GALL-FLY, Cynips, a Linmean genus of insects, now forming the (Let. gall-inhabiting) of entomologists, and belonging to the order hymenoptera (q.v.), section terebrantia (Lat. boring), which section is characterized by the females being furnished with an ovipositor. Gall-flies arc nearly allied to ichneumons, but principally differ from them in depositing their eggs not in the bodies of the larvae of other insects, nor in their nests, but in plants, on the juices of which their larvae are nourished. The ovipositor of the female is long, slender, in part spirally rolled up when not in use, and lodged in a groove on the under-side of the abdomen, near the origin of which it is attached; it has at its extremity lateral teeth forming a kind of saw. By means of this organ, the insect makes a minute puncture where she is to deposit her egg, which is sometimes in a leaf; and then generally in one of the ribs of the leaf, sometimes in a young shoot or twig, sometimes in a bud, or in some other part of a plant, not excepting the roots; each species of gall-fly choosing some particular plant, and some particular part of the plant, to which it confines its attackS. An irritant fluid is supposed to be lodged in the punc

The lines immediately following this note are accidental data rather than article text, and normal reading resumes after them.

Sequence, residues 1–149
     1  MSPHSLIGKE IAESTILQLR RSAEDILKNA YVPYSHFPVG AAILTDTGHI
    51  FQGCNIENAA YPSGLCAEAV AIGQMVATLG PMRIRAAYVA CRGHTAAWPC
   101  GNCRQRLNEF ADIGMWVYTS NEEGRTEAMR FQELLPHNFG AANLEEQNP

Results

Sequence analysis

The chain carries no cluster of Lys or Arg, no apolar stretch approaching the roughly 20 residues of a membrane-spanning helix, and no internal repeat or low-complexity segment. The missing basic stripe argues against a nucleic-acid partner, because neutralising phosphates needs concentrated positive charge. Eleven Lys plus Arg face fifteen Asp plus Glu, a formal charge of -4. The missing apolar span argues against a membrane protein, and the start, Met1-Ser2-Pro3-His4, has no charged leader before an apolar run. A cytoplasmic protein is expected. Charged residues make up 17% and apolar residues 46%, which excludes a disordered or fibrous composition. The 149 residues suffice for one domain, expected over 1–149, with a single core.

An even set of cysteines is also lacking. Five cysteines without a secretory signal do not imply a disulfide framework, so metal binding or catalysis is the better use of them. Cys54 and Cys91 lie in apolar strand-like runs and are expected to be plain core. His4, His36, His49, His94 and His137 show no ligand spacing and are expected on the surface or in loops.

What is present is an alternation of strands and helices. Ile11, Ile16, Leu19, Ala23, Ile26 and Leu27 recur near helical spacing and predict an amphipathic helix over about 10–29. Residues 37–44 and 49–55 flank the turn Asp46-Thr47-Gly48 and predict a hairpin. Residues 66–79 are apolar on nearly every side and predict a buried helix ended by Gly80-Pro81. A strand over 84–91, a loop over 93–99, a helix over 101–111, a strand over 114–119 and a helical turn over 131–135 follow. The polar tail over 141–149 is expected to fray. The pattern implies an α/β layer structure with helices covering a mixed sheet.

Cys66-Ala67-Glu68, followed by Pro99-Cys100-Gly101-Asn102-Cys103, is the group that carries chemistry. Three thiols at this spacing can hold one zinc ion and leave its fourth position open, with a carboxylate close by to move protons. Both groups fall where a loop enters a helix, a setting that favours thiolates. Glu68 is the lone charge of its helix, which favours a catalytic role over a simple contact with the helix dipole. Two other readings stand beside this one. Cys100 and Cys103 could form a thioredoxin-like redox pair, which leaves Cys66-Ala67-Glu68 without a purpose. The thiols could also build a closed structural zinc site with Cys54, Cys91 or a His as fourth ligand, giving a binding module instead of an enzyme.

ture along with the minute egg, as a tumor immediately begins to form, becoming an excrescence known as a gall. The egg itself increases in size before it is hatched; the gall very rapidly attains its full dimensions; and within it the larva of the gall-fly feeds on the juices of the plant in their most concentrated form; for galls are found to contain the peculiar principles of the plants on which they grow in greater abundance than the adjoining or other parts. It is not until the larva has undergone its transformations, first into the pupa, and then into the perfect insect, that it eats its way out of the gall in which it has previously existed. See GALLS.